“Second, I don’t’ want any delay of game tonight. We need to step up. We went backwards last week. Be smart with the football. We are getting a bit thin at quarterback. We have to protect the quarterback. Number 72 is not better than Josh Lowery.
“Don’t take any, any plays off. What are you willing to give up for joy tonight? Get off the ball. College scouts watch films. They see what you do on every play. Tonight, turn it around. Give that cloud of witnesses that Reverend Alexander talked about a chance to cheer. Show what you are made of. Some of you will be playing both ways. There should be about 50-60 plays. That’s 100 plays at 4-6 seconds each. That’s about of ten minutes of actual playing. Rest when you are walking around. Play wide open. Six seconds a play. Play hard, play smart.”
In the Gym. “Make sure you get to the huddle quickly,” began Lipsey. “Know your assignment. Compete. Compete. Compete. Two things: First, don’t be a player looking for an ice bag to get on the sideline. Be a man. Don’t look for a way out. You will play hurt if you play football but you won’t play injured. We will do everything needed to care for you if you are injured. Compete. Compete. Second, focus. Know the situation on offense and defense. You never know when the critical play of the game will be. Go hard every play.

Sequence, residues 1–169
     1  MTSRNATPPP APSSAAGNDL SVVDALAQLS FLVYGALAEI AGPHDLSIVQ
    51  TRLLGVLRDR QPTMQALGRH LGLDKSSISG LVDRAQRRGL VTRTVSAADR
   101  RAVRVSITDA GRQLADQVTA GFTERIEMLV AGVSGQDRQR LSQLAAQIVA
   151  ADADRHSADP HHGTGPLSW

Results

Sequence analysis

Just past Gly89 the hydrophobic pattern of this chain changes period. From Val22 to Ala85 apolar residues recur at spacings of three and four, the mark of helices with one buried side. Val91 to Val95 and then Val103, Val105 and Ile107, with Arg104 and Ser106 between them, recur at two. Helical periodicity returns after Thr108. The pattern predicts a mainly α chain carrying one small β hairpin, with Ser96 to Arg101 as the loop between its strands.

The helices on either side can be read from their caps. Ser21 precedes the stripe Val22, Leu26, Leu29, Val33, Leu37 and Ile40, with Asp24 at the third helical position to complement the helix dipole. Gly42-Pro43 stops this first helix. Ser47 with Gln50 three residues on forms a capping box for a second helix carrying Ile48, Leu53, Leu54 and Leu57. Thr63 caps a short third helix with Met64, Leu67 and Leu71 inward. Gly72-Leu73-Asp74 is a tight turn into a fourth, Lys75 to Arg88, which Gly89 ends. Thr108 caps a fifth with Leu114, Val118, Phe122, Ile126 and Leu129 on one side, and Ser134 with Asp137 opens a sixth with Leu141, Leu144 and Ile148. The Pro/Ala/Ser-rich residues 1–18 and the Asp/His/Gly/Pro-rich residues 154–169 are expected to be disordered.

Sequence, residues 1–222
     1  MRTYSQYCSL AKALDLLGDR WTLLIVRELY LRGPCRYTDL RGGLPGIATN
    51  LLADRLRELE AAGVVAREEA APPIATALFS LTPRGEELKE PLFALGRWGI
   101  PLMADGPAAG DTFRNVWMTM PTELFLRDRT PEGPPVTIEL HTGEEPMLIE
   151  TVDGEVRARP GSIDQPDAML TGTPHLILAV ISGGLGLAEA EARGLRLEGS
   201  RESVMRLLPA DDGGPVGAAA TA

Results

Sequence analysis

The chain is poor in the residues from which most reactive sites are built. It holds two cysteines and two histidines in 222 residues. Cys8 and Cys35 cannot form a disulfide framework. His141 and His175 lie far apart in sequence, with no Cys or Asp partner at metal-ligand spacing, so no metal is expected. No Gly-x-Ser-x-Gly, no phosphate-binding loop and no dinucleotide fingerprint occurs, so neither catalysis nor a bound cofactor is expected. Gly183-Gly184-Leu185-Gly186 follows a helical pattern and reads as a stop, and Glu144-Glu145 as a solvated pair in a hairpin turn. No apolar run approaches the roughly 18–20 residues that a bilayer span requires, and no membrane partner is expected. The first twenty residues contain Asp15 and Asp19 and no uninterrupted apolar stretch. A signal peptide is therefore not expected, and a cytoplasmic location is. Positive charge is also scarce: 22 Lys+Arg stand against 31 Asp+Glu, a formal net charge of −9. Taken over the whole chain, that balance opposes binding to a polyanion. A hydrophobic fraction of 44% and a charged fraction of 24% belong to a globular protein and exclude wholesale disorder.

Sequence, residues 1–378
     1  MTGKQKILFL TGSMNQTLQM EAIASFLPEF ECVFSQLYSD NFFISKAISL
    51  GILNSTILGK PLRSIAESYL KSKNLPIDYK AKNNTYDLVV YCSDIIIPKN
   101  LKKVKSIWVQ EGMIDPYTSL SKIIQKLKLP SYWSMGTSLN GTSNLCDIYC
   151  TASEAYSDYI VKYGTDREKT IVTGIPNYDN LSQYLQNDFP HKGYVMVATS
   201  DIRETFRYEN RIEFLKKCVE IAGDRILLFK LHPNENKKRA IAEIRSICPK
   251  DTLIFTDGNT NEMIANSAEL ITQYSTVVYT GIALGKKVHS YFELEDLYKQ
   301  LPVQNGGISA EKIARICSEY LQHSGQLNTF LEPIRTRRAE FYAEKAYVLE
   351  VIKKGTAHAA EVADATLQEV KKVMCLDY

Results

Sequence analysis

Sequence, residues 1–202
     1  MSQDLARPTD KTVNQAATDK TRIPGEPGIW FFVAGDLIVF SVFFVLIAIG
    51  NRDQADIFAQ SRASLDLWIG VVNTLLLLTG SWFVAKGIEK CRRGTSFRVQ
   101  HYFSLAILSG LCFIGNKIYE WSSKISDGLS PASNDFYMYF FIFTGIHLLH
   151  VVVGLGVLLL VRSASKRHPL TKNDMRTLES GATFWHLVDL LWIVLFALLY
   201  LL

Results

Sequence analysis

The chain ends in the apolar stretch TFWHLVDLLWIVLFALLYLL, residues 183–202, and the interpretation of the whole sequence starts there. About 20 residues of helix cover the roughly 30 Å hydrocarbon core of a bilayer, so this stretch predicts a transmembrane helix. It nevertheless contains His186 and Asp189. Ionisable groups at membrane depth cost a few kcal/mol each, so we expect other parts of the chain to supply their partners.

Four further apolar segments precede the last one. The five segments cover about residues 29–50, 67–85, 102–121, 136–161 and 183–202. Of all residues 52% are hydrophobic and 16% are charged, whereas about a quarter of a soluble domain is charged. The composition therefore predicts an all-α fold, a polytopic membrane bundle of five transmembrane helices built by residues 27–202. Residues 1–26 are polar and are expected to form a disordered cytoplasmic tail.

“ Second, we have GOT to run the football. Take care of those big guys. Keep the offense on the field. Play as a team and it starts up front. Defense, shut them down. Get nasty and I don’t mean dirty. Play hard. Don’t bring anything back to the bus. Leave it on the field. Seniors, one third of your season is over tonight.” And with that the team ended with the Lord’s Prayer.
Before the game. “Compete,
compete, compete,” began Coach Lipsey. “When we look at the films Saturday
and Sunday, what will we see? Did you lay it out? Did you compete? Go hard every
single play. Get the max out of every play. Offense, get the ball and drive. On
the sidelines, you never know when your number will be called.
Coach Jon Cudd challenged them to go harder than the man in front of them.
At the half. “They can not move the ball on you,” began Lipsey. “They can’t block the offensive line. Move them out. Finish the plays. Get in the end zone. You are a four quarter team.”